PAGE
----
This past March 11 marks two years since the official declaration of the SARS-CoV-2 global pandemic. In the ensuing 24 months, many of us have learned new words, or found new usages for old words. Essentially, we have a new glossary of terms. Over the next couple issues, we will explore some of these words and their usages, starting this month with A to G.
Airborne. Most of us would be able to define this as “stuff flying around.” It will also, for some, bring to mind an “overpriced (and potentially unsafe) vitamin pill.“ But in the context of COVID-19, airborne refers to the transfer of microscopic virus-containing particles called aerosols.
Case rate. COVID-19 numbers have been front and centre, both for those working to manage the public health crisis and for those trying to understand it. Unfortunately, numbers can be easy to misinterpret, whether due to lack of understanding, deliberate manipulation, or a combination of both. As a measure of the number of incidents per 100,000 people, using case rate enables direct comparisons between communities of various sizes.
For those looking to dig deeper on COVID-19 transmission, check out Canada’s tracking here.
Coronavirus. Coronaviruses have probably been around for millions of years, first identified in humans in the 1960s as one of the causes of the common cold. The name refers to the characteristic viral spike proteins that project outwards resembling the solar corona.
For more on coronaviruses see here.
Droplets. In the early days of the pandemic, the primary mode of viral transmission was thought to be via droplets. These are extremely small particles of liquid (~10s of microns, each of which is one millionth of a metre) that might contain infectious agents. They’re expelled from the respiratory tract when a sick person coughs, sneezes, shouts, sings, or even just breathes.
The early advice to maintain a six-foot physical distance, and somewhat later, to wear a medical mask, was based on that scientific analysis. Sometime later, the contribution of smaller particles (i.e., aerosols) was revealed, and the masking recommendations were enhanced.
Like everything about this situation (well really, like everything about science in general), it’s a complicated question. Here’s some additional information about some of the considerations and contributing factors.
Endemic. Unfortunately, endemic does not mean “end of pandemic.” The etymology of this word comes from the Greek en (“in“) and demic (“population“). An endemic disease is one that exists in a certain group. In the case of COVID-19, that includes all humans on the planet. Find out more here.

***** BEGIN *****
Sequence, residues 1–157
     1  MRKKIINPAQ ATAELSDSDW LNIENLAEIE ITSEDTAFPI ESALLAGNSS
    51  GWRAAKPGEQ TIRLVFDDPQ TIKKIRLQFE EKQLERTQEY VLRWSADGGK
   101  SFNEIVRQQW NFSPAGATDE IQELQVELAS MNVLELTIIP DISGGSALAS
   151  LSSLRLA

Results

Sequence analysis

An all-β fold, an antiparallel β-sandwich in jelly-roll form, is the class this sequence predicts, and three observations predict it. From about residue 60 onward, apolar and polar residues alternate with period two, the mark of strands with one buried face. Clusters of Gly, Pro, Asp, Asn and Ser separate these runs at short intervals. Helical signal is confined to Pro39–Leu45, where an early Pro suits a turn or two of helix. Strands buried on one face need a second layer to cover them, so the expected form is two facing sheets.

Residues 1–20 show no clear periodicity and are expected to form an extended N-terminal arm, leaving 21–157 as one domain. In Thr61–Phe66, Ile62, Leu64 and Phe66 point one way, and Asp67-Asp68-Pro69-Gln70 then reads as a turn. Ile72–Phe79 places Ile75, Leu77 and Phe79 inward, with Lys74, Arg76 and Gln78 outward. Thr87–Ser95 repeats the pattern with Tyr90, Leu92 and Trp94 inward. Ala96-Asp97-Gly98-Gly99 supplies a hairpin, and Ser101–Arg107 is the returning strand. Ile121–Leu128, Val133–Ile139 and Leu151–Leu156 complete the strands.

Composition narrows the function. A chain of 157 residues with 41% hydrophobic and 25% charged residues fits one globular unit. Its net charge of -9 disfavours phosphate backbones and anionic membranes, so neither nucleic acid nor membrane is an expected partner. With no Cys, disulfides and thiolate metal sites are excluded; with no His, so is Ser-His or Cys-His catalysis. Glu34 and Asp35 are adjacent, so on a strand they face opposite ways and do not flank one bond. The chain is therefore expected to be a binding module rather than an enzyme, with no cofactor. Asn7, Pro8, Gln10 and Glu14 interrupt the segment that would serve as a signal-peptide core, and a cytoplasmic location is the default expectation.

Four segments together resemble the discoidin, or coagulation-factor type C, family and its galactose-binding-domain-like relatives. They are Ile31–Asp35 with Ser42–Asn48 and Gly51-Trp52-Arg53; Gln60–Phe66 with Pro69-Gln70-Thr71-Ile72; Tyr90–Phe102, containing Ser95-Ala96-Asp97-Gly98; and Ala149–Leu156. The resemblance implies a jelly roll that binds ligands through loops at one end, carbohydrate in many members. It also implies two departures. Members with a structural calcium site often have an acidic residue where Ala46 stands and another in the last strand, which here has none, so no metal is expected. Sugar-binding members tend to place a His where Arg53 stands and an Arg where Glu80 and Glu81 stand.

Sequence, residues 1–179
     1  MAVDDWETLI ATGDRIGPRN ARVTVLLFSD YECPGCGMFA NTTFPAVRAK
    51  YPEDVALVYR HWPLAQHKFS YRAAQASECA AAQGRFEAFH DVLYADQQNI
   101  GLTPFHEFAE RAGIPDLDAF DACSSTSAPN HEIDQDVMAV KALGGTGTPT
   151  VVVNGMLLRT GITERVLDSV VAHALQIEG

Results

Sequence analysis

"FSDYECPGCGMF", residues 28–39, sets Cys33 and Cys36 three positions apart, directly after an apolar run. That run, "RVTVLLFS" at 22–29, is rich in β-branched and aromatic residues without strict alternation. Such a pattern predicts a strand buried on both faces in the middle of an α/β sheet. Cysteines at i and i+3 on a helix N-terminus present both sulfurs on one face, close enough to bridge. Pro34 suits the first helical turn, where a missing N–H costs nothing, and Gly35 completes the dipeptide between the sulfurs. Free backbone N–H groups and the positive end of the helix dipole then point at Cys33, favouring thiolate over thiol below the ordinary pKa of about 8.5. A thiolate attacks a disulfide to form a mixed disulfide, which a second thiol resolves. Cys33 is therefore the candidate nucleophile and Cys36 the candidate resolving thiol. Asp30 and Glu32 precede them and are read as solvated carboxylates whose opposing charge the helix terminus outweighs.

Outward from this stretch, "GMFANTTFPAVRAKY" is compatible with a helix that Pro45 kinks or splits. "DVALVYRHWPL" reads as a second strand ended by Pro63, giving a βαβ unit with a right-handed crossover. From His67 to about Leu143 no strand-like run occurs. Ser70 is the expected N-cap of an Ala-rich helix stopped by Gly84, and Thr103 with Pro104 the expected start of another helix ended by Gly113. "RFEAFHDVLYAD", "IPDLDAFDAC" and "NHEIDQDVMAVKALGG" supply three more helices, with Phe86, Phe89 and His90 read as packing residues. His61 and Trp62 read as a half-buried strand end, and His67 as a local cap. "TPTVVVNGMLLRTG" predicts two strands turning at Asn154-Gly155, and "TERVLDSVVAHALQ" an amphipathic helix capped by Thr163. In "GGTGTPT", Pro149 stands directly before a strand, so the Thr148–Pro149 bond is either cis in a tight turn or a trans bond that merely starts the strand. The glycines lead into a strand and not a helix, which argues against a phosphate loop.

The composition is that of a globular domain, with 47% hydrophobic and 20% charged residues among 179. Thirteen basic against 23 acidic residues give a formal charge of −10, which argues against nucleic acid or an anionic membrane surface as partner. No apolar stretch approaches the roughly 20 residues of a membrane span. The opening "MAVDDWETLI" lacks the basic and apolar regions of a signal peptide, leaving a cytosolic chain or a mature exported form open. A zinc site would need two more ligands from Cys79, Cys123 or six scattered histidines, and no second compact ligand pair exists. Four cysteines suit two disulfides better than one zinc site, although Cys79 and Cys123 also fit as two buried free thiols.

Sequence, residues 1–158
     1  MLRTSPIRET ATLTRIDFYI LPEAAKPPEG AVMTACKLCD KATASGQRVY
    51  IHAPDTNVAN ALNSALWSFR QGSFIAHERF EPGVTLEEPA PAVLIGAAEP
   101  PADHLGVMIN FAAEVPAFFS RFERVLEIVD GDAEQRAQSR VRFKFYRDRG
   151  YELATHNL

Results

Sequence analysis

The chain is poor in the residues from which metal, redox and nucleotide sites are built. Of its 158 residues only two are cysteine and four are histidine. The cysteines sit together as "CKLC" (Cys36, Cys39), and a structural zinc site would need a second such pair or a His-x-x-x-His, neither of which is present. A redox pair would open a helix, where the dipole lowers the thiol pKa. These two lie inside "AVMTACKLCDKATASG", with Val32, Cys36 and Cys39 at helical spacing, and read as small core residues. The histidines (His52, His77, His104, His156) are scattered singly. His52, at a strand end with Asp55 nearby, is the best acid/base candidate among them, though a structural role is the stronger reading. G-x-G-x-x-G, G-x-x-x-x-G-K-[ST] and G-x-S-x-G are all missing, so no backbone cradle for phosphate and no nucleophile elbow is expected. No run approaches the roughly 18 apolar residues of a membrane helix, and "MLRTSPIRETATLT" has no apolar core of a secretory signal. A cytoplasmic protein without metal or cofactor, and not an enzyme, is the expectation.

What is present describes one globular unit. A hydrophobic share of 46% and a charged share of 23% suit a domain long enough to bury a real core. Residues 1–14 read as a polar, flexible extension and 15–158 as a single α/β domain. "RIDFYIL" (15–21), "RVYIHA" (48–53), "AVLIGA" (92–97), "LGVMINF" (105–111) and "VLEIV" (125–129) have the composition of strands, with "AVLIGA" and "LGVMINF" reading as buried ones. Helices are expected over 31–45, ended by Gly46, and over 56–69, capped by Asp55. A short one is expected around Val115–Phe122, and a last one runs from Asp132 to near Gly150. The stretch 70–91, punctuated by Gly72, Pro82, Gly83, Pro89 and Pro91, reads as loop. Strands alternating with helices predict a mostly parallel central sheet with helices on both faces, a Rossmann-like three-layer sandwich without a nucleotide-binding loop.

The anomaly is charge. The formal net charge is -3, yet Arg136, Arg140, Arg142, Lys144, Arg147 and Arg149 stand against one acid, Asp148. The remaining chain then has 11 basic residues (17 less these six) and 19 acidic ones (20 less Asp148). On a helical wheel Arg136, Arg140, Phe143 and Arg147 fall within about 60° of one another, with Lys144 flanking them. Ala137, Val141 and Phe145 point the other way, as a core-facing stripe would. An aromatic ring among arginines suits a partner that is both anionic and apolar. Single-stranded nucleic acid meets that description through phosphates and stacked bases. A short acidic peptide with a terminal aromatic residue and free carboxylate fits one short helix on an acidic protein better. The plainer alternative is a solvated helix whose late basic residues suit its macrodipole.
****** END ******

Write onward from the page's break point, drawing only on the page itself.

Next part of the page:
Epidemic. The prefix epi comes from the Greek word for “upon.” This, in other words, is a disease which has come upon or is widespread in a population.
Fomites. A fomite is an inanimate object which can carry infectious agents such as viruses. A study in the early days of the pandemic reported that the SARS-CoV-2 virus can survive for hours or days on fomites, depending on both the composition of the object and environmental conditions. Subsequent analysis showed that the ability of the virus to be transferred in real-world conditions is likely to be significantly less than the study reported, taking into account the effects of the way the virus is deposited on the surface, and the surrounding conditions. The study also noted that as a virus SARS-CoV-2 is not able to reproduce outside of a living host.
Greek alphabet. Diseases have often been named for the place where they were first discovered, or where there was a major outbreak. Recently, this practice has changed to a more neutral nomenclature, such as the Greek letters that are now being used to classify SARS-CoV-2 variants. No longer a piece of knowledge limited to Greek-speakers, mathematicians, and scientists, many of us are now learning more about this alphabet, well beyond the first two letters, alpha and beta, from which the word “alphabet” itself is derived.
If you do already know a bit about the origins of the alphabet, you might have wondered why we only hear about a few letters. The WHO has four levels of classification: variant being monitored (VBM), variant of interest (VOI), variant of concern (VOC), and variant of high consequence (VOHC). In most cases, VBMs are assigned a Greek letter, but the public at large is generally only aware of the VOC. Currently, Delta and Omicron are the only strains classed as VOCs, and there are no current strains identified by the WHO as VOCHs.
So far, a few Greek letters have been omitted for various reasons. For example, Nu and Xi, the two letters preceding Omicron. Nu was omitted because WHO officials considered that it would be too confusing to have a “Nu variant”, as English speakers might mistake it for a “new” variant. In the case of Xi, it was skipped because Xi is also the Romanized spelling of a common Chinese name (pronounced “shee”) – Xi Jinping is the President of China. (To further add to the confusion, the proper pronunciation of the Greek letter is “ksi”. )